“In this country, prosperity has never trickled down from the wealthy few,” he said. “Prosperity has always come from the bottom up, from a strong and growing middle class.”
Obama lumped trickle-down economics among “old broken-down theories” that he blamed for the 2008 global economic meltdown.
The Blaze further points out that Obama’s demagogic claiming of the Reagan mantle gets even more warped, pointing out:
The comparison is equally confounding when you consider President Reagan’s historic tax reform:
The video comes from Ronald Reagan speaking at the signing ceremony for his 1986 Tax Reform Act. What exactly did Reagan say that Obama can cling to?
Thank you all, please be seated. Well, thank you, and welcome to the White House. In a moment I’ll be sitting at that desk, taking up a pen, and signing the most sweeping overhaul of our tax code in our nation’s history. To all of you here today who’ve worked so long and hard to see this day come, my thanks and the thanks of a nation go out to you.
The journey’s been long, and many said we’d never make it to the end. But as usual the pessimists left one thing out of their calculations: the American people. They haven’t made this the freest country and the mightiest economic force on this planet by shrinking from challenges. They never gave up. And after almost 3 years of commitment and hard work, one headline in the Washington Post told the whole story: “The Impossible Became the Inevitable,” and the dream of America’s fair-share tax plan became a reality.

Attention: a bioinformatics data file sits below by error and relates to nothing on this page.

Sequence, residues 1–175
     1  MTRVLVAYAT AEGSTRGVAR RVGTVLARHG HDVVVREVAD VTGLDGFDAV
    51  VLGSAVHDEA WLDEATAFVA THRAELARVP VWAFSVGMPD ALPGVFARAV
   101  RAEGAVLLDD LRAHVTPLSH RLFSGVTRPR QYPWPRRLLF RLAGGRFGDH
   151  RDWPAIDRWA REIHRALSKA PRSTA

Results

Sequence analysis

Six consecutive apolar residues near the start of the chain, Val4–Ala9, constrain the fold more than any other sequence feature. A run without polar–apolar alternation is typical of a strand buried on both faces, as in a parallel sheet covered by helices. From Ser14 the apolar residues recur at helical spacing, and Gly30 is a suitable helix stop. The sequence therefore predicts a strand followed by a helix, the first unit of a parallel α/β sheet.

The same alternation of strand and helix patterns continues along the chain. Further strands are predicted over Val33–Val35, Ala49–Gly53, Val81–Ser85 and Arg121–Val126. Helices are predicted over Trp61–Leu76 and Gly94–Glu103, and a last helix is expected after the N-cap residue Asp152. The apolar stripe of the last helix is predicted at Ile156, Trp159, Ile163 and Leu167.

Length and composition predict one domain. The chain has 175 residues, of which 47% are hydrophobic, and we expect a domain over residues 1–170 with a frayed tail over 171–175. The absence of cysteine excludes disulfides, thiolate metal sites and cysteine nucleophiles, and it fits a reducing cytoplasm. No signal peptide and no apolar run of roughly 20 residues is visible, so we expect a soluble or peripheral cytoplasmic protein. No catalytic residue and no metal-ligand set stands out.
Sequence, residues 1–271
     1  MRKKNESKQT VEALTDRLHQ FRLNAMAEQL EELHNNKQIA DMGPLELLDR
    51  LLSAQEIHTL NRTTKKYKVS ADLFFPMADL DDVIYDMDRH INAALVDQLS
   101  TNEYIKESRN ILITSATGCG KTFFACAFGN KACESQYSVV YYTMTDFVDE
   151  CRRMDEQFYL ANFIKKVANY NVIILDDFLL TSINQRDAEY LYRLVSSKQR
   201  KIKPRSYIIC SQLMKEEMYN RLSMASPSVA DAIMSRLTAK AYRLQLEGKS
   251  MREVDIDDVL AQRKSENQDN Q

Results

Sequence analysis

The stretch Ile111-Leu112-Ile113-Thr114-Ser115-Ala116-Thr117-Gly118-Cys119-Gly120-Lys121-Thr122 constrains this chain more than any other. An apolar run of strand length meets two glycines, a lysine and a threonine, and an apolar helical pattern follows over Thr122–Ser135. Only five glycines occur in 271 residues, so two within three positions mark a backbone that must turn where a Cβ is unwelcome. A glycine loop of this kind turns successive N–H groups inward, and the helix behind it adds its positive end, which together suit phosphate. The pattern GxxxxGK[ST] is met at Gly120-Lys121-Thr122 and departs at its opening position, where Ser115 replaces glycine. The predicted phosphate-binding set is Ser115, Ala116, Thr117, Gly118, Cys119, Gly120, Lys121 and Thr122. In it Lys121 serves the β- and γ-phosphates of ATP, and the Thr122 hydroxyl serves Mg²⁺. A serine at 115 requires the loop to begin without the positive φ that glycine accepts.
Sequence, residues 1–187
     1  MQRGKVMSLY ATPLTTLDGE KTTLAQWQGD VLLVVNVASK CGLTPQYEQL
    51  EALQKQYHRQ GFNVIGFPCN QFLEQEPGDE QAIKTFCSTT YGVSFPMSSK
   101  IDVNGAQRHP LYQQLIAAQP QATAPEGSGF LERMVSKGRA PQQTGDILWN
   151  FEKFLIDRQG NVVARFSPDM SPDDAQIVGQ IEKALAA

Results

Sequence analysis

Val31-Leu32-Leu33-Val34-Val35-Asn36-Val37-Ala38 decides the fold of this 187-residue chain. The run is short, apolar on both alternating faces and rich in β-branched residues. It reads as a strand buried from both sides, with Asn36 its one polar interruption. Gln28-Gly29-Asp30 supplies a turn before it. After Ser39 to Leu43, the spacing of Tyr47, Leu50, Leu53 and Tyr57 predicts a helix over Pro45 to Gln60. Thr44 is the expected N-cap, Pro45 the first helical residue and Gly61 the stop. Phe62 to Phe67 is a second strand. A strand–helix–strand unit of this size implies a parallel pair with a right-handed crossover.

When I sign this bill into law, America will have the lowest marginal tax rates and the most modern tax code among major industrialized nations, one that encourages risk-taking, innovation, and that old American spirit of enterprise. We’ll be refueling the American growth economy with the kind of incentives that helped create record new businesses and nearly 11.7 million jobs in just 46 months. Fair and simpler for most Americans, this is a tax code designed to take us into a future of technological invention and economic achievement, one that will keep America competitive and growing into the 21st century.